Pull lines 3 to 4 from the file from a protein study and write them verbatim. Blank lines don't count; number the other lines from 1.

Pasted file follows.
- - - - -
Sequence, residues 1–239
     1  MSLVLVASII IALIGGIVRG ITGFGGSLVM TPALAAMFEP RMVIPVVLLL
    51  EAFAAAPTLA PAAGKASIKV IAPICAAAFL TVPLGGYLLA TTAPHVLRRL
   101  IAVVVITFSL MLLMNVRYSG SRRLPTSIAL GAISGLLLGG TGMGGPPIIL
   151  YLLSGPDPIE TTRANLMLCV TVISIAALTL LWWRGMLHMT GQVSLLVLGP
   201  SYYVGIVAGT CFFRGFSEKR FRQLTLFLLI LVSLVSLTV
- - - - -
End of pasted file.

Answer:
    51  EAFAAAPTLA PAAGKASIKV IAPICAAAFL TVPLGGYLLA TTAPHVLRRL
   101  IAVVVITFSL MLLMNVRYSG SRRLPTSIAL GAISGLLLGG TGMGGPPIIL